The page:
• Vegetation: Seasonal evergreen forest, submontane and montane rain forests with broadleaved hardwoods; Prestoea montana palm forest; Pinus occidentalis forest at higher elevations.
  • Flora: Estimated 1500 vascular plant species, of which 25-30% probably endemic (T.A. Zanoni 1993, in litt.). Useful plants include timber trees, such as Pinus occidentalis (western pine), Magnolia spp. and Lauraceae.
  • Threats: Logging, cattle grazing, tourism.
  • Conservation: José Armando Bermúdez National Park (766 km²) and José del Carmen Ramírez National Park (738 km²) cover substantial parts of the upper Cordillera Central. Two Scientific Reserves (IUCN Management Category: IV) occur within the parks: Valle Nuevo (409 km²) and Ebano Verde Natural (23 km²).

Cb6. Los Haitises

Area: region covers 1315 km² in north-east Dominican Republic. Altitude: 0-380 m.

  • Vegetation: Forests over limestone; however, only c. 10% of the native forests remain in and around the National Park.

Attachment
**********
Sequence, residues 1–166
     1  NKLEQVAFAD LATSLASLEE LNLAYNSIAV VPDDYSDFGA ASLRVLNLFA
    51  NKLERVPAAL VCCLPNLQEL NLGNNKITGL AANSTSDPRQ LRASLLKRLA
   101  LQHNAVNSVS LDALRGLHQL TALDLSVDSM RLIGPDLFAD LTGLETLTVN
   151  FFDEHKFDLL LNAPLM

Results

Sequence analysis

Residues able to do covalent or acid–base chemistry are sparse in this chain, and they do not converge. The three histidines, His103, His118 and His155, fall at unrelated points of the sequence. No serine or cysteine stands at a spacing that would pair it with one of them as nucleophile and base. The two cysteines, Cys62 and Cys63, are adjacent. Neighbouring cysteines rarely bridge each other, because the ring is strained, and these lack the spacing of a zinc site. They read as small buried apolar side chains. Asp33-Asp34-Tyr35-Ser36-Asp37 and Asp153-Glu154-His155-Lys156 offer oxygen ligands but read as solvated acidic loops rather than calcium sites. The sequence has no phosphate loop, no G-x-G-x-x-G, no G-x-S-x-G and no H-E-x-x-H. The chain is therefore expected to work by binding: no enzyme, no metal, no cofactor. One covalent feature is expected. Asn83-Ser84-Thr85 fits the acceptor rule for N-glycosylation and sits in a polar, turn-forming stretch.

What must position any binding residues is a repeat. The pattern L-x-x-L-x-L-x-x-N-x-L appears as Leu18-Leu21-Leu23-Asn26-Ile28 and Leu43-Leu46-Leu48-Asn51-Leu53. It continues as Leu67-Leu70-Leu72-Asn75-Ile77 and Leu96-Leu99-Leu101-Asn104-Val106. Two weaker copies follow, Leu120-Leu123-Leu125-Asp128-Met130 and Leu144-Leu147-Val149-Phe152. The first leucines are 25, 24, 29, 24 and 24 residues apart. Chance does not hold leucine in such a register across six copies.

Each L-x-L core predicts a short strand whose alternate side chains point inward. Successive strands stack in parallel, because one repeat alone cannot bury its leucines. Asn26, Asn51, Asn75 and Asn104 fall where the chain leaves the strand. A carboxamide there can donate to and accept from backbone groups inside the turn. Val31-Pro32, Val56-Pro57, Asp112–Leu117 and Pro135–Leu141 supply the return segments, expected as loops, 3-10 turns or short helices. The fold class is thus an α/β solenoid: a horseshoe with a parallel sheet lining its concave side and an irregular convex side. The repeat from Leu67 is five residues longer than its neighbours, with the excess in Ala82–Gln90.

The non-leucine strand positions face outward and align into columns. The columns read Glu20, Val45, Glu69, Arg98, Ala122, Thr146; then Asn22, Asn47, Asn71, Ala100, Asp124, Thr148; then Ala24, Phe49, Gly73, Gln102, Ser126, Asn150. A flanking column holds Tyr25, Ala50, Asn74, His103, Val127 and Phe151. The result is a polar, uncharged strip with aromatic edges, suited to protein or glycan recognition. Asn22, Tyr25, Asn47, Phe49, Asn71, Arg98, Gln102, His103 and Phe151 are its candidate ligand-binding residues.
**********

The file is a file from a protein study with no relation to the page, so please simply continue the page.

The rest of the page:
• Flora: >500 vascular plant species, of which 138 are island endemics.
  • Threats: Cattle grazing, agriculture, some logging, relocation of local population outside of National Park area.
  • Conservation: Los Haitises National Park (IUCN Management Category II) currently covers 208 km², but there are plans to extend this to include an area along Samaná Bay and mangroves at the west end of bay. There are also plans to include much of the area and the Samaná Peninsula in a Biosphere Reserve.

(Source: T.A. Zanoni 1993, in litt. See also Zanoni et al. 1990).

Cb7. Sierra de Neiba